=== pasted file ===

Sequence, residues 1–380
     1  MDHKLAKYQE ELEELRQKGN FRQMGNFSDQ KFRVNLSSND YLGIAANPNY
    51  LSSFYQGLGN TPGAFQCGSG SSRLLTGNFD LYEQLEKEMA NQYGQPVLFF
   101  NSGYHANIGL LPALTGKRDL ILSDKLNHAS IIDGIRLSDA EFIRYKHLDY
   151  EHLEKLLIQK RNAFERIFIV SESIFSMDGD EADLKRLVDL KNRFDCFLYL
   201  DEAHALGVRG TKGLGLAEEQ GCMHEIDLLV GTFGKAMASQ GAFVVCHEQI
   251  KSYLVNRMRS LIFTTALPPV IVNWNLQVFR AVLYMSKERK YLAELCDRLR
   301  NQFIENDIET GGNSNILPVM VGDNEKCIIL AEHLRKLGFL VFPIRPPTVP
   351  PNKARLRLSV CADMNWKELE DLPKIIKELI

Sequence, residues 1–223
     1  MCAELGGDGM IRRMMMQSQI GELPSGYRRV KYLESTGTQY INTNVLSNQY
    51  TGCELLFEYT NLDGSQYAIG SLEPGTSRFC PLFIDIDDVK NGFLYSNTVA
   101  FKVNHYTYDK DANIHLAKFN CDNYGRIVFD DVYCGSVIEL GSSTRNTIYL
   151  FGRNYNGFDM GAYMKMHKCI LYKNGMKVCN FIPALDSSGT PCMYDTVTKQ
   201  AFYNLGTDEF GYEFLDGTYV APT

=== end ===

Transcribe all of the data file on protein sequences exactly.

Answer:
Sequence, residues 1–380
     1  MDHKLAKYQE ELEELRQKGN FRQMGNFSDQ KFRVNLSSND YLGIAANPNY
    51  LSSFYQGLGN TPGAFQCGSG SSRLLTGNFD LYEQLEKEMA NQYGQPVLFF
   101  NSGYHANIGL LPALTGKRDL ILSDKLNHAS IIDGIRLSDA EFIRYKHLDY
   151  EHLEKLLIQK RNAFERIFIV SESIFSMDGD EADLKRLVDL KNRFDCFLYL
   201  DEAHALGVRG TKGLGLAEEQ GCMHEIDLLV GTFGKAMASQ GAFVVCHEQI
   251  KSYLVNRMRS LIFTTALPPV IVNWNLQVFR AVLYMSKERK YLAELCDRLR
   301  NQFIENDIET GGNSNILPVM VGDNEKCIIL AEHLRKLGFL VFPIRPPTVP
   351  PNKARLRLSV CADMNWKELE DLPKIIKELI

Sequence, residues 1–223
     1  MCAELGGDGM IRRMMMQSQI GELPSGYRRV KYLESTGTQY INTNVLSNQY
    51  TGCELLFEYT NLDGSQYAIG SLEPGTSRFC PLFIDIDDVK NGFLYSNTVA
   101  FKVNHYTYDK DANIHLAKFN CDNYGRIVFD DVYCGSVIEL GSSTRNTIYL
   151  FGRNYNGFDM GAYMKMHKCI LYKNGMKVCN FIPALDSSGT PCMYDTVTKQ
   201  AFYNLGTDEF GYEFLDGTYV APT